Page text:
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The Most Important African American Artists Today at Nelson-Atkins Museum

  • Kehinde Wiley - Sleep
May 31, 2019
Balasz Takac is alias of Vladimir Bjelicic who is actively engaged in art criticism, curatorial and artistic practice.

The contribution of Black artists to the American art history is immense, yet for a long time, it hasn’t been explored to its full extent. In light of growing racial tensions throughout The United States, and the Black Lives Matters initiative, it is mandatory to display African-American artistic production accordingly.

That is why the upcoming exhibition simply titled 30 Americans is an important one – it will feature the works loaned from the acclaimed Miami-based Rubell Family Collection made by some of the most important African American artists active in the of the past four decades.

Thomas Mickalene - Whatever You Want
Mickalene Thomas – Whatever You Want, 2004. Acrylic, rhinestone and enamel on panel, 48 x 36 inches (121.9 x 91.4 cm). Courtesy of Rubell Family Collection, Miami.

The Best of The Best

An array of distinct artists will participate such as Rashid Johnson, Jean-Michel Basquiat, Kerry James Marshall, Carrie Mae Weems, Mickalene Thomas, Kara Walker, Hank Willis Thomas, and Kehinde Wiley, just to name the few. Their works will be in dialogue with the Nelson-Atkins collection (which includes works by many of the same artists) in order to present the diversity of American art.

This exhibition has traveled throughout the country for a decade, yet it is always tailored for a particular venue.

30 Americans at the Nelson-Atkins Museum

The Works

More than eighty paintings, drawings, prints, sculptures, photographs, and videos, the will be on display so that all the voices of the African-American artists can be heard. The prevailing themes explore issues such as history, identity, and politics.

Here is interesting to mention that in recent years the museum has actively collected works by African Americans artists. Simone Leigh’s Figure with Skirt (2018), Vanessa German’s Glory (2017), and Kehinde Wiley’s St. Adrien (2006) are few of the latest acquisitions, and majority of the artists included in 30 Americans are part of Nelson-Atkins’ permanent collection.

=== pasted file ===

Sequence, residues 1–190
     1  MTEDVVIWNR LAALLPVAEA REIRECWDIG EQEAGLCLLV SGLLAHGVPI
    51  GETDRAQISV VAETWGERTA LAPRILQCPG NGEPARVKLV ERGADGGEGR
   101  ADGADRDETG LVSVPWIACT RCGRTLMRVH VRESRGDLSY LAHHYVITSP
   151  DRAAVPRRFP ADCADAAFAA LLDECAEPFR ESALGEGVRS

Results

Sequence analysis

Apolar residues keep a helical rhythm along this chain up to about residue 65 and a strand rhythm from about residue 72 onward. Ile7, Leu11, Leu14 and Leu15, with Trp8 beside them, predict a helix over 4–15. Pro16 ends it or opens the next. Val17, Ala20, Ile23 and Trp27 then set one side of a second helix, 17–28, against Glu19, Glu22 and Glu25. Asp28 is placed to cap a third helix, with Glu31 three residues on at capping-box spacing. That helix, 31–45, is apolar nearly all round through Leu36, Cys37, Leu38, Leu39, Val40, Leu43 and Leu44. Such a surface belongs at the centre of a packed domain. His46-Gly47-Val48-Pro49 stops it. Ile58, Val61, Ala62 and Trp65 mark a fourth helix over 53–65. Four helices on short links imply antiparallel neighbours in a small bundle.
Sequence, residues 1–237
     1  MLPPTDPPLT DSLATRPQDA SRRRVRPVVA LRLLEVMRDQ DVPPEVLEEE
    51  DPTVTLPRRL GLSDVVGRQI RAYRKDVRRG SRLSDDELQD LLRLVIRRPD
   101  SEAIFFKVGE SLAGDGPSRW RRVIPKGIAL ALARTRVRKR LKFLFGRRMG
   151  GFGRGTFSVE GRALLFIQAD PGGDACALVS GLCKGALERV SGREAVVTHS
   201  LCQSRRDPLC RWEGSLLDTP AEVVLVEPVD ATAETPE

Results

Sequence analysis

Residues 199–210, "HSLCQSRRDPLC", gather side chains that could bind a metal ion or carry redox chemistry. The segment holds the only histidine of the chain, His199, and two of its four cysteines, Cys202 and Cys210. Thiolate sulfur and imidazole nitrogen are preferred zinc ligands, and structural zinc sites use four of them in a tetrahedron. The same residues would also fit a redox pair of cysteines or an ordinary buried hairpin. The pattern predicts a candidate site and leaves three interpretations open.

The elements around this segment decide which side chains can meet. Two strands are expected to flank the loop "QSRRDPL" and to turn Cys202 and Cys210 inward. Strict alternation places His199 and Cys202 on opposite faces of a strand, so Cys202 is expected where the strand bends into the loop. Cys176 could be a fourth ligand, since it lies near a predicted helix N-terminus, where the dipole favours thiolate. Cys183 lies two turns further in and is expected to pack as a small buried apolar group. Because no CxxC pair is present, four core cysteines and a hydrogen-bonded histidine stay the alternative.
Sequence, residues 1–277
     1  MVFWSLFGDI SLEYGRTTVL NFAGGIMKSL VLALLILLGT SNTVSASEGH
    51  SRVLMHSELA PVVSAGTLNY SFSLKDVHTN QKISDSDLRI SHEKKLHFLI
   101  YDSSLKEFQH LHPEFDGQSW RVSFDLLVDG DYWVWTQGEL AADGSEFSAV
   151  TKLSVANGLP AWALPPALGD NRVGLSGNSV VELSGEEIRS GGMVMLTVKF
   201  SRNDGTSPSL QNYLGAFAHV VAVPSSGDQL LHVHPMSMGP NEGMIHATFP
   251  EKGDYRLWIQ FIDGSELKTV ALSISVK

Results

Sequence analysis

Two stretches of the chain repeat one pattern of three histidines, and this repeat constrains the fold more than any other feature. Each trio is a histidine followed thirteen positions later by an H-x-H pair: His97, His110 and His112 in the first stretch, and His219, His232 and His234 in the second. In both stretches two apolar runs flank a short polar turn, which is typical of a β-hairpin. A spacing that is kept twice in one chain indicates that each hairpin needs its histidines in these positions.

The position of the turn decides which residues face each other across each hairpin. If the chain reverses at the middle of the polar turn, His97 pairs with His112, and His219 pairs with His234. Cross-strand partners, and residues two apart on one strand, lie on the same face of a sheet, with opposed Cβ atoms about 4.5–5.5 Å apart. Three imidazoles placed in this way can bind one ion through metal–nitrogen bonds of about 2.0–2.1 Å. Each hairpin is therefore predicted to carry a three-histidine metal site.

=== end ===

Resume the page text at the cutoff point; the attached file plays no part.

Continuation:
In 2014, the museum managed to acquire a famous painting by Charles White, Goodnight Irene, which was purchased thanks to the generosity of individual donors who responded to a remarkable community initiative.

Johnson Rashid - The New Negro
Rashid Johnson – The New Negro Escapist Social and Athletic Club (Thurgood), 2008. Lambda print, Ed. 2/5, 69 x 55 1/2 inches (175.3 x 141 cm). Courtesy of Rubell Family Collection, Miami.

30 Americans at Nelson-Atkins Museum

In 2018 Dr. Adrienne Walker Hoard became the lead advisor of the Community Advisory Group and the dialog with the museum was launched. Jointly the two organizational bodies started shaping the presentation of 30 Americans. Dr. Walker Hoard explained the exhibition agenda:

The celebrated artists in 30 Americans create images which conjure up the anguish of racial strife and the joys of racial triumph in African American history and heritage. Black Aesthetic awareness evokes spiritual connections to African art and articulates the ‘felt reality’ of Black identity in the African diaspora, from an American perspective. Encounter this art individually and as a community. It will inspire transformation.

30 Americans will be on display at The Nelson-Atkins Museum of Art in Kansas City from 1 June until 25 August 2019.

Featured image: Kehinde Wiley – Sleep, 2008, oil on canvas, 132 x 300 in. (335.3 x 762 cm), Rubell Family Collection, Miami.